One of The Safe Ones

One of The Safe Ones

black man in yellow shirt looking serious

 

 

   I grew up hanging out on the poverty line. I went from living out in the countryside of southern Virginia to living in a car in Atlanta,Ga to living in someone’s basement. All before the age of 6. By the grace of God I was raised by my mother and a dear friend whom I fondly call “Mamaw". You see Mamaw was a peculiar person. She is a minister with more degrees than a thermometer and a heart after God. Also she’s white. She was raised out in bum-nowhere Georgia to a good Christian family, that surprisingly knew no color. At first it may seem like a good thing, but in actuality it made her ignorant at times to the struggles I faced.

#growingupblack

   I lived with Mamaw and my mom until about 18 years old then I went off to join the service. During that time with my mamaw she taught me things about being black around white people. She didn’t realize she taught me these lessons. She would get invited to fundraising banquets and speaking engagements, you see she was rather popular. She had friends and influences here in the U.S. and afar. She would always bring me along just to get me out the house and expose me to her goings on. She would always introduce me as her granddaughter, and boy it was AKWARD every. Single. Time.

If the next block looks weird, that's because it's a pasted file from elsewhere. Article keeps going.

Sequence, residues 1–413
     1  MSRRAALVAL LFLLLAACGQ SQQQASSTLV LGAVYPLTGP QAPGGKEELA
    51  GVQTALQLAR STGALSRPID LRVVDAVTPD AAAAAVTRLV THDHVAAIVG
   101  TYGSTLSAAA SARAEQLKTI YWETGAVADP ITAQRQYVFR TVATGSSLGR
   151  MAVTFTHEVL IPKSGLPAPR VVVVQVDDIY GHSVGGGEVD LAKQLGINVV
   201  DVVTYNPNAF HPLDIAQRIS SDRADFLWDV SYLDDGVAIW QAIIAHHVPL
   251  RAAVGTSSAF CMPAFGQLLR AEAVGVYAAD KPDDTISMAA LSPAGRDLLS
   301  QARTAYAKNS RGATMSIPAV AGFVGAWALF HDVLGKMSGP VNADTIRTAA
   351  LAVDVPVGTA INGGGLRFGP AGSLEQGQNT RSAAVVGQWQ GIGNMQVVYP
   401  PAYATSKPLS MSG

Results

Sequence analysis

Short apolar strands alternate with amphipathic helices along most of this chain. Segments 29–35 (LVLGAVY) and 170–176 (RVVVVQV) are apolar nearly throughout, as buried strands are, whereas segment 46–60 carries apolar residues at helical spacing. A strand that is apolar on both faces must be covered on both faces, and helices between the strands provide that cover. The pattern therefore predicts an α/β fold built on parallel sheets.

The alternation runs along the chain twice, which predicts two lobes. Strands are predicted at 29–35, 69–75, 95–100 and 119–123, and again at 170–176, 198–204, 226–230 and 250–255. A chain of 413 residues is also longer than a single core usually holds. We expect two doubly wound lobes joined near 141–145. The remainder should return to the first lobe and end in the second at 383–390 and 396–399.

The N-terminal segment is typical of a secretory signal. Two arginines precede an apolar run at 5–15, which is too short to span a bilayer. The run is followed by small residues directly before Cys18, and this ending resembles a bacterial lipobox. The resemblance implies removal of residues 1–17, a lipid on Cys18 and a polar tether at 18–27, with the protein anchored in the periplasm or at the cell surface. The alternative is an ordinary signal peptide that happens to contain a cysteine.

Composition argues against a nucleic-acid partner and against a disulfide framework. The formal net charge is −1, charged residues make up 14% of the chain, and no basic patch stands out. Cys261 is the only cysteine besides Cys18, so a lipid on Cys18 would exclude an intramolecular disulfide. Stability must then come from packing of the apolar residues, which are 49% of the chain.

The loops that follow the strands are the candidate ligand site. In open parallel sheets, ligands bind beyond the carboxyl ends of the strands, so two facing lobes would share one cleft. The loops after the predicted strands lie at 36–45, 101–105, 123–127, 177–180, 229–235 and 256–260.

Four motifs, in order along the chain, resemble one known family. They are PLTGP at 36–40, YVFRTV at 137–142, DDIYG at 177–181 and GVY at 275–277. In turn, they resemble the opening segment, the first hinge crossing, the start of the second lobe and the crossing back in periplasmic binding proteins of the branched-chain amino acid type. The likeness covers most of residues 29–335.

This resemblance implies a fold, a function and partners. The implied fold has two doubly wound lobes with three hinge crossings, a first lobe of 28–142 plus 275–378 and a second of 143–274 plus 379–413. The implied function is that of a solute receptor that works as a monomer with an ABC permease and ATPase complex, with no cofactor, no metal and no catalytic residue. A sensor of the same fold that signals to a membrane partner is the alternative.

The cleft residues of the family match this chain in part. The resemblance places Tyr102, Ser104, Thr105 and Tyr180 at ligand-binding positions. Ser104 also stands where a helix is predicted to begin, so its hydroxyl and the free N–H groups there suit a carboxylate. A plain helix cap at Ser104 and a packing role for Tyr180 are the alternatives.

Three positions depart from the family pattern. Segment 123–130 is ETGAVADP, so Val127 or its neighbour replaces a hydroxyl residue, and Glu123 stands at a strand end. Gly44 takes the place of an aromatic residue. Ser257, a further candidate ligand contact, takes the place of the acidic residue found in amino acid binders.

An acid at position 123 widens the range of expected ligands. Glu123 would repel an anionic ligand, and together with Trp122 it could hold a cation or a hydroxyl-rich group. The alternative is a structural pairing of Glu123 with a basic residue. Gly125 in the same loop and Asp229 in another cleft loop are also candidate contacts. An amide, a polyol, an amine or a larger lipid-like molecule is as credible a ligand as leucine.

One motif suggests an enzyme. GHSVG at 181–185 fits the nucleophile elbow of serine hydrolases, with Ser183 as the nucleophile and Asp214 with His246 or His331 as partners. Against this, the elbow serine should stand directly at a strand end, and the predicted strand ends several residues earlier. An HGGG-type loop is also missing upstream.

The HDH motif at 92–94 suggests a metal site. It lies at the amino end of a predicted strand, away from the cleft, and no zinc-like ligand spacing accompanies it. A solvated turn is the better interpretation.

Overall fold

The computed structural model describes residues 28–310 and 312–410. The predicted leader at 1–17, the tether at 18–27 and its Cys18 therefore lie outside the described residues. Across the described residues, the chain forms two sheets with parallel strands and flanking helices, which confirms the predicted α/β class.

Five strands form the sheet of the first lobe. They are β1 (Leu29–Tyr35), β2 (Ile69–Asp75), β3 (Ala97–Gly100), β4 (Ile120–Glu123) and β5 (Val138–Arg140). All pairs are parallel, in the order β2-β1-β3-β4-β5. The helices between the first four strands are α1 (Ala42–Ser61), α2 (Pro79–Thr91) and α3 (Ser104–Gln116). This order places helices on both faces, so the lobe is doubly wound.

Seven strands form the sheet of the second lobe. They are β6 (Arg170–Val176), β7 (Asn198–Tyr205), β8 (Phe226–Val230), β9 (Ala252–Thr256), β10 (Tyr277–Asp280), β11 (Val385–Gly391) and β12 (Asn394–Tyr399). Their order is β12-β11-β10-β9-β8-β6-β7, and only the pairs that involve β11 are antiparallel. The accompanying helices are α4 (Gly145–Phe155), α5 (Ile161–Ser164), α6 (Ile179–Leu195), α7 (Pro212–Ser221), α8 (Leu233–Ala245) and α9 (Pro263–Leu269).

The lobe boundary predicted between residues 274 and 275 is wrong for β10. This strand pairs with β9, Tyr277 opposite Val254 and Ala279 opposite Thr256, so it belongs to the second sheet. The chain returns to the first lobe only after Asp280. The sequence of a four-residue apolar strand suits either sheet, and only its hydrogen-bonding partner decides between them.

But the term of endearment grew on me. But every time I got the same looks from her counterparts. It was either “ What the…?” Or “Aww how cute" expressions. At first the looks would bother me and make me feel small, and then that evolved into feelings of insecurity. It wasn’t until I was in high school apart of JROTC that things began to change. Whenever I was in my uniform and hanging out with my mamaw, her friends looked at me with reverence and respect! Suddenly I am not some run of the mill lazy black person. I’m not a threat. They started giving me accolades and cheering me on for setting a good example for “others". This similar situation would continue to play out over and over again well into my adulthood. Now that I have served for a few years and I come across white friends or neighbors or acquaintances or strangers, the mere mention of my military service or educational background gives them a sigh of relief and their shoulders relax. I would be lying if I didn’t say that I felt safer with their approval. I wear my military record and college education like a cloak of armor or a bulletproof vest saying “Its okay white people, I’m one of the safe ones.”